Ballylumford power plant’s profits surge to €7.2m on high energy prices

Sales and costs reflect rising gas and electricity costs

High energy prices helped Ballylumford power plant, controlled by Czech billionaire and football club owner Daniel Křetínský, soar to about €7.2 million last year, new figures show.

EP Ballylumford Ltd owns a gas-fired electricity plant at Larne, Co Antrim, that generates 708 mega watts (MW) of power, some of which is sold in the Republic.

The company is part of Energeticky a Prumyslovy Holdings (EPH), a €25 billion European business 94 per cent owned by Mr Křetínský.

Figures that EP Ballylumford recently filed show that it earned £6.3 million (€7.2 million) after-tax profit last year, turning around a £1 million loss in 2020.


Sales multiplied about 3.5 times to £258.75 million in 2021 from £72.8 million the previous year, the accounts show. Increased gas prices boosted electricity revenues, according to a company report filed with the accounts.

However, it notes that the cost of sales rose at a similar rate. Its figures show that these hit £246.1 million last year from £65.2 million in 2020.

Ballylumford earns revenues from a power purchase deal with a single buyer, as well as from trading electricity on the Irish single market and from capacity payments, paid to the plant for being available to generate and supply energy.

Its accounts state that improved plant performance last year, which cut the number of shut-downs needed, boosted capacity payments and increased its gross margin to £12.6 million from £7 million in 2020.

A once-off £7 million charge stemming from a change in accounting policies in 2020 had hit the company’s profitability that year.

Its accounts show that in 2021, EP Ballylumford Ltd’s operations generated £10.7 million profits, against £100,000 the previous year.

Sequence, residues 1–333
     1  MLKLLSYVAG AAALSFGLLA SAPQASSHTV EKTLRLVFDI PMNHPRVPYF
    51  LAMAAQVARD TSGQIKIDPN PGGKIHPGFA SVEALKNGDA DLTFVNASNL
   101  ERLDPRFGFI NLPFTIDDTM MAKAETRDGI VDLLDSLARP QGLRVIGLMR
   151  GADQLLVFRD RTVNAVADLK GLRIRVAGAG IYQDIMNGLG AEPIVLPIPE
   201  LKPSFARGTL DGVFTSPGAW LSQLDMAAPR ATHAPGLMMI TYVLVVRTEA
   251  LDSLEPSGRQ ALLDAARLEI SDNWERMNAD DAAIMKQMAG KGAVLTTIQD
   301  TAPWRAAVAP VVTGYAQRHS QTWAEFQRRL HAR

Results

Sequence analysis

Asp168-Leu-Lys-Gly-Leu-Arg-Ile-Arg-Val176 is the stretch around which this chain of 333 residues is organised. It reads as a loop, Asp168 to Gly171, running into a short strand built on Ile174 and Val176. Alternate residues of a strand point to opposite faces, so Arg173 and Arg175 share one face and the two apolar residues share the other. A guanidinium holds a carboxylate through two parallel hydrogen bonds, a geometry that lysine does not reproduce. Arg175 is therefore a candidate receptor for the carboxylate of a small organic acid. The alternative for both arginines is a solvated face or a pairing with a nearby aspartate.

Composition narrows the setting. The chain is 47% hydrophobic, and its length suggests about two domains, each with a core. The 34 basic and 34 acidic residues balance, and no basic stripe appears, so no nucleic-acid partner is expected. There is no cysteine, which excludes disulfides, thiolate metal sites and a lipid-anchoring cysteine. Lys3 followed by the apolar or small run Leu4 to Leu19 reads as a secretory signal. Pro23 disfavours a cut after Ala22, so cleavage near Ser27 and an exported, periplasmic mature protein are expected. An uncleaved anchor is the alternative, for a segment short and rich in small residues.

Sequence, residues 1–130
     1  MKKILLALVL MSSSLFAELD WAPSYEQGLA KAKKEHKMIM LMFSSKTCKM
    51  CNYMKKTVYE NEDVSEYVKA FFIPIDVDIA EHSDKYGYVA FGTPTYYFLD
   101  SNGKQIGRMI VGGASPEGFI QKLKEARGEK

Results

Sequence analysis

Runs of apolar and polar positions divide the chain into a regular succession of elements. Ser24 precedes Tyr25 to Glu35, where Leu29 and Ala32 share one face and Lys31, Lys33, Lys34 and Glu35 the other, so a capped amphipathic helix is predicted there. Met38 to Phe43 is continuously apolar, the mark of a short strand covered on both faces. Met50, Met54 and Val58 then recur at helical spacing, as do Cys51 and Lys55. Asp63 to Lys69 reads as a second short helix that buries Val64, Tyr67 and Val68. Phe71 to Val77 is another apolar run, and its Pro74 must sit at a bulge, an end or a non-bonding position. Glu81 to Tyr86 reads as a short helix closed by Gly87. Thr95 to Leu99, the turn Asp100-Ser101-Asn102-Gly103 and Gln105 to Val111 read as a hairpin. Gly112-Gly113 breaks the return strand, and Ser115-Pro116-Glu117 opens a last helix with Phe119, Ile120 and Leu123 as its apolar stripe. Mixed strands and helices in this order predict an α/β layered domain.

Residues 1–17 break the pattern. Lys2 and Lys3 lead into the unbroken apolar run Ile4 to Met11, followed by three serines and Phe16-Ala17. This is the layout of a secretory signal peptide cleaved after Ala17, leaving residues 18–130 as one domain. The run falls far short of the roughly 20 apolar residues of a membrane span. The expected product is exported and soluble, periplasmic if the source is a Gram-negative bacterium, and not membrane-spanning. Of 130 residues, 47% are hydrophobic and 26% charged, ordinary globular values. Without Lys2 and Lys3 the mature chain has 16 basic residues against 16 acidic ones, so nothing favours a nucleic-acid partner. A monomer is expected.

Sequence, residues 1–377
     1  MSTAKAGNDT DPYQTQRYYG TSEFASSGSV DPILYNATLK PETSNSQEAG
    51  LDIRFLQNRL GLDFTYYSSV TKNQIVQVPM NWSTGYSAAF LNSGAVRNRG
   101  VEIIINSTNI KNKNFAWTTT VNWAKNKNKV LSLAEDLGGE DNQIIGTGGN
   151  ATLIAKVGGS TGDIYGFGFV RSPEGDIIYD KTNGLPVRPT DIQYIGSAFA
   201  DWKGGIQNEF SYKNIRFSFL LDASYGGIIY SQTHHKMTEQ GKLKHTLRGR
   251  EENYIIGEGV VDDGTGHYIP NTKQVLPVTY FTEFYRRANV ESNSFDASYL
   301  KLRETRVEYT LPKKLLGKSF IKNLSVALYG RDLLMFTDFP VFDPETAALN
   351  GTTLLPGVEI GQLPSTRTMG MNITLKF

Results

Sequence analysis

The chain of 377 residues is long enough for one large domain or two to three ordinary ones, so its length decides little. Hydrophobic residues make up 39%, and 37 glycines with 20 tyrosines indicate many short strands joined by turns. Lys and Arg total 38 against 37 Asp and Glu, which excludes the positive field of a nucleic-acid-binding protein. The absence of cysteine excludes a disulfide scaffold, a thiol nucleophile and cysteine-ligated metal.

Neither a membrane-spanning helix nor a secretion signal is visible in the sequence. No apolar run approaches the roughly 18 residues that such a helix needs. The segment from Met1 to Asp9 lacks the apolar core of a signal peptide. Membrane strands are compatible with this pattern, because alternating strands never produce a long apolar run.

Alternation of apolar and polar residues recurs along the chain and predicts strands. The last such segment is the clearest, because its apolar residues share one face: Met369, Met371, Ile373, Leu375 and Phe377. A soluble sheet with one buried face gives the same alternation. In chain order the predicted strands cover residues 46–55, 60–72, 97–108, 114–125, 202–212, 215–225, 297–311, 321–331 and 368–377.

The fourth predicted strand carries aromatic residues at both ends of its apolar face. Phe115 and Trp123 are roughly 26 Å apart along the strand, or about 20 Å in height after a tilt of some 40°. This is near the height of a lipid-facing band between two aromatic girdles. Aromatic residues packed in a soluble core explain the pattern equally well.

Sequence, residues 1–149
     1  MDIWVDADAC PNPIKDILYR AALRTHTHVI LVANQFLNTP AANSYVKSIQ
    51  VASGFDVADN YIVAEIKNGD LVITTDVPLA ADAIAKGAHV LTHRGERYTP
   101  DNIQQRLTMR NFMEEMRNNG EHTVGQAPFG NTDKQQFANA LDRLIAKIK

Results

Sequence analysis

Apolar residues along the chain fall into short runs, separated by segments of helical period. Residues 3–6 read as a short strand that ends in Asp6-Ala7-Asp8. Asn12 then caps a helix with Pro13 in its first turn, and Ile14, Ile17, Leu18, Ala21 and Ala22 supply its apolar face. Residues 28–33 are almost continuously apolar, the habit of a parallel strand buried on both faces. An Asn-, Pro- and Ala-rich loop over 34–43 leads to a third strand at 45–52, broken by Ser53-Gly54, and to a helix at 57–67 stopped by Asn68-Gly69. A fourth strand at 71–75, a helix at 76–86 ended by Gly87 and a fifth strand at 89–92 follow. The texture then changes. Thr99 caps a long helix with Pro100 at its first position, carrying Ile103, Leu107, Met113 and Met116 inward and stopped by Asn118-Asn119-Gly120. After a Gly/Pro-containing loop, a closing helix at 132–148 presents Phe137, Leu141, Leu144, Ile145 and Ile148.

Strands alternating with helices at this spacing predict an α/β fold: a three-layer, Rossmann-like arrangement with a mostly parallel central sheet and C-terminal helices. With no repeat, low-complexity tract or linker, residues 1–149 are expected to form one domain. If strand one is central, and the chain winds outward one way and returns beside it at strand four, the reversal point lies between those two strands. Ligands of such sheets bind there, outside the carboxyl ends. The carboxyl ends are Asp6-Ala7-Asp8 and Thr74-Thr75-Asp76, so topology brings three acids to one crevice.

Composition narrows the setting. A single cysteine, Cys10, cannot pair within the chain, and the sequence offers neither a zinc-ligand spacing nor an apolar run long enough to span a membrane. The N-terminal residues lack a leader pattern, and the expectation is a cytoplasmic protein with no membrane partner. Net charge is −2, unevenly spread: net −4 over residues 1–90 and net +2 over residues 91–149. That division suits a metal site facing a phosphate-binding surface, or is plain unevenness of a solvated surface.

The company did not pay its owner, Czech group EPH’s British subsidiary, EP UK Investments, a dividend.

EP also owns Kilroot power station, making it Northern Ireland’s biggest electricity generator, and a majority stake in Tynagh Energy in Galway.

EPH owns energy businesses in the Czech Republic, Germany, Italy, Britain, Switzerland, Slovakia and Hungary. The group has assets of more than €25 billion and sales of €19 billion a year.

Mr Křetínský has a stake in English premiership football club West Ham United and co-owns Czech club AC Sparta Prague, one of the country’s most successful sides.

EP UK Investments last year threatened legal action over Irish national grid operator EirGrid’s decision to award an emergency electricity generator contract to State-owned ESB, meant to ease the Republic’s energy shortage.

EirGrid dropped the contract after it emerged that two power plants that had been out of action in Cork and Dublin would restart generating electricity last autumn.

EPH bought Ballylumford and Kilroot from US group AES, and 80 per cent of Tynagh from GE Energy and Turkish player, Gama, which held 40 per cent each. Irish businessman Bran Keogh’s Mountainside Partners has the remaining 20 per cent in the Galway generator.

The Czech business did both deals in 2019, when pressure was building on the Irish electricity system as demand increased while the Government planned to close several power plants.

Barry O'Halloran

Barry O'Halloran

Barry O’Halloran covers energy, construction, insolvency, and gaming and betting, among other areas